She enrolled in a writing class taught by Ed Hirshberg, the late USF professor and founder of the Suncoast Writer's Conference at the University of South Florida St. Petersburg. Cook also joined the Tampa Writer's Alliance and wrote her first short story, The Artifact. She later coordinated TWA's critique team and was president of the group from 1994 to 1995.

The Artifact won a contest sponsored by the Florida First Coast Writer's Festival in Jacksonville and then won second place in the TWA's annual contest.

"This was my entree to membership in the Mystery Writers of America," Cook says.

"Naturally, I was encouraged, and along the way, I wrote a nonfiction article published in Florida Living in 1996 titled, Tiger Tail: Trickster or Strategist? It was about the last Seminole war chief to be captured at the end of the Seminole Wars in December 1841.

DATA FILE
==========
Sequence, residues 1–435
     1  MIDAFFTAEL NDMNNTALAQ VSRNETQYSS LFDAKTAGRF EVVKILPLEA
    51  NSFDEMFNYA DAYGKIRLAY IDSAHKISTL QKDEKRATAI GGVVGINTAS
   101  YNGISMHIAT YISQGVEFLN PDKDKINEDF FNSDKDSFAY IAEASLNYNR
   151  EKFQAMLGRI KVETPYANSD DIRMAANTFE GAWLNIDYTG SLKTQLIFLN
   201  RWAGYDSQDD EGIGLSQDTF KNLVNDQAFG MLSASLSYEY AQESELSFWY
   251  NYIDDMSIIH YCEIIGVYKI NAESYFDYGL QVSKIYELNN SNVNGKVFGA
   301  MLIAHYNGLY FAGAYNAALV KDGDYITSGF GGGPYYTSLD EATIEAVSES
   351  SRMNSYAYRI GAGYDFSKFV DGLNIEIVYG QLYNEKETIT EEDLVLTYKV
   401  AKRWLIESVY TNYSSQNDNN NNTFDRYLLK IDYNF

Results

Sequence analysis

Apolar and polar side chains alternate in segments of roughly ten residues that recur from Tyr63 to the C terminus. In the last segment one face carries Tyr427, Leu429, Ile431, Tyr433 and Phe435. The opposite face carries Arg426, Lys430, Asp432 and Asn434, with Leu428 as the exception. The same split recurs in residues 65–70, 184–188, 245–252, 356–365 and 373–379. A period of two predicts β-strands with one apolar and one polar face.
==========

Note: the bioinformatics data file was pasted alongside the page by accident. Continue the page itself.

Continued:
"I then began work on my novel, Trace Their Shadows, my first mystery in what was to become a series. My protagonist was Brandy O'Bannon, a newspaper reporter and amateur sleuth."

When her book was finished, she sent it to an agent in New York with blessings from her mentor, Hirshberg. Finding a publisher was tedious. And after two unsuccessful attempts, Cook took matters into her own hands.